Russia denies agreement on Turkish peacekeepers

Separately, the Kremlin said on Tuesday that there was no agreement about the deployment of Turkish peacekeepers in Nagorno-Karabakh.

“I will comment on it like this: there is not a [single] word about it in the text of the joint statement, the three sides never negotiated it, and the presence of Turkish troops in Karabakh was not coordinated,” Kremlin spokesman Dmitry Peskov told reporters.

Peskov said that a center to monitor the ceasefire, located outside Nagorno-Karabakh, was subject to a separate agreement.

‘Ceasefire was unavoidable’

Nagorno-Karabakh’s leader Arayik Harutyunyan said the ceasefire was unavoidable.

“We lost Fizuli, Dzhabrail, Qubadli, Zangilan, and the Hadrut district, parts of the Martuni and Askeran districts, and, most importantly, Shushi. The fighting was already on the outskirts of Stepanakert, at a distance of 2-3 kilometers. At this pace, within days, we would have lost all Artsakh [Nagorno-Karabakh],” Harutyunyan wrote on Facebook.

The deal followed three failed ceasefire attempts and relentless advances by Azeri troops.

‘The army said it was necessary to stop’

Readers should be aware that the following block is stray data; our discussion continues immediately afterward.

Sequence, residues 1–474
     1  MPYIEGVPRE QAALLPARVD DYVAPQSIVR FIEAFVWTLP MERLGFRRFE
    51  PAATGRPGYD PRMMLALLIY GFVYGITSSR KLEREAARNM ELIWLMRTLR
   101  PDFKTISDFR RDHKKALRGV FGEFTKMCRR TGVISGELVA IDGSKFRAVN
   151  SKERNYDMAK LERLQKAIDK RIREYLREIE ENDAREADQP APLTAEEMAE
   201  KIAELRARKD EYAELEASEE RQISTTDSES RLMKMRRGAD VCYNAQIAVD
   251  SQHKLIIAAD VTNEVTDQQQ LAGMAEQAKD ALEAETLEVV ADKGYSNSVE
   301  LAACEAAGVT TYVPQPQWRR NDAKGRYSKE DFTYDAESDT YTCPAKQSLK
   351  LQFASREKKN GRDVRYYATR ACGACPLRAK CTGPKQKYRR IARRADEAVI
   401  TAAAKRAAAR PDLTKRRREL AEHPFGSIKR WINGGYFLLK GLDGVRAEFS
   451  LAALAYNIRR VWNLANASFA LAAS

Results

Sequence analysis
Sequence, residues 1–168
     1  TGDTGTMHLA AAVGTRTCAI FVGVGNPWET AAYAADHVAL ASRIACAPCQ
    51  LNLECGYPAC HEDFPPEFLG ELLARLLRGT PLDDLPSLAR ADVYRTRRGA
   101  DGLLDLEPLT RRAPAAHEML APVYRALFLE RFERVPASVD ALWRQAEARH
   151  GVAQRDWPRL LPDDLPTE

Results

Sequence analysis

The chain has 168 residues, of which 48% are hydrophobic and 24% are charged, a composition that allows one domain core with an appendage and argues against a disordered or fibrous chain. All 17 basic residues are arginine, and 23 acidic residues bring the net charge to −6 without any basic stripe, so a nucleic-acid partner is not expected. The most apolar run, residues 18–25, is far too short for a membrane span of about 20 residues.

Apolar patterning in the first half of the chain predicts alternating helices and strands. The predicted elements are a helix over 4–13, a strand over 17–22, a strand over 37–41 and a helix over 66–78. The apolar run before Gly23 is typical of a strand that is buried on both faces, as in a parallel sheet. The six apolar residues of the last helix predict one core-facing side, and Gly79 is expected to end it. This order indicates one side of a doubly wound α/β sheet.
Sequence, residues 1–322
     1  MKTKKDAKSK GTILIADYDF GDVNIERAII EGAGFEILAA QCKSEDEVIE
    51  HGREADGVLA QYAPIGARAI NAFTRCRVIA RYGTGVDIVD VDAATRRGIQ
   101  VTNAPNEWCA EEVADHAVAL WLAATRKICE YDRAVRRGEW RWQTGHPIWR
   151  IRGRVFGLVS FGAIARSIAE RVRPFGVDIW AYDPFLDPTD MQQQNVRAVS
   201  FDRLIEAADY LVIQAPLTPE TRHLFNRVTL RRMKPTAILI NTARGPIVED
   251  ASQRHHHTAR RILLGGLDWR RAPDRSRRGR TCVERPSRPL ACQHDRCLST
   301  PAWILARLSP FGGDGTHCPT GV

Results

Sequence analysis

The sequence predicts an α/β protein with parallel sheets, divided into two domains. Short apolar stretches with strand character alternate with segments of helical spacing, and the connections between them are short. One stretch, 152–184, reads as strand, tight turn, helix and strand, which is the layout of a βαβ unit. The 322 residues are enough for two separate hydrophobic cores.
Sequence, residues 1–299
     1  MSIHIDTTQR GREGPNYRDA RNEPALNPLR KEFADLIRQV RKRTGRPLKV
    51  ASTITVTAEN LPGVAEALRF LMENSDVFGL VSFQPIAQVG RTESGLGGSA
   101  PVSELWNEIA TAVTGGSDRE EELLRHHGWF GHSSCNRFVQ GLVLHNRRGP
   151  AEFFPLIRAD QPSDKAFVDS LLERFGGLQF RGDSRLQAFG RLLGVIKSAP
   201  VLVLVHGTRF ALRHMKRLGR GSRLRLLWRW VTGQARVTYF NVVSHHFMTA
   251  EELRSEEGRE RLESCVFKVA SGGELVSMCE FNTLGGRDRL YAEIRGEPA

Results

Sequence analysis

Armenian Prime Minister Nikol Pashinyan said, “The decision was made based on a deep analysis of the combat situation and in conjunction with the best experts.”

“This is not a victory, but there is no defeat until you consider yourself defeated. We will never consider ourselves defeated, and this shall become a new start of an era of our national unity and rebirth,” Pashinyan wrote on social media.

He said that Yerevan had agreed to the deal after “the army, in fact, insisted on doing it.”

“You can imagine the situation when the army says that it is necessary to stop, ” he said.

“Military resources were not completely efficient,” he added, noting that some fighters on the front-line had not taken any rest in a month.

The defense ministry of the disputed region said on Tuesday its total military death toll had risen to 1,302 since the latest wave of fighting erupted.

Military actions in Nagorno-Karabakh ceased

Armenia’s Defense Ministry confirmed that military actions in Nagorno-Karabakh had ceased completely.

Ministry spokeswoman Shushan Stepanyan said the situation in the conflict zone had been calm since early morning.

Protesters storm Armenia parliament

Following Pashinyan’s statement, hundreds of protesters angry at the deal stormed Armenia’s parliament in the early hours of Tuesday and seized control of its chamber to decry the country’s leadership.

Taking the seats of parliamentarians, the protesters shouted “Resign!” or “Out!”

Armenians protest against the country’s agreement to end fighting with Azerbaijan over the disputed Nagorno-Karabakh region, inside the parliament in Yerevan, Armenia, on November 10, 2020. (Photo by AFP)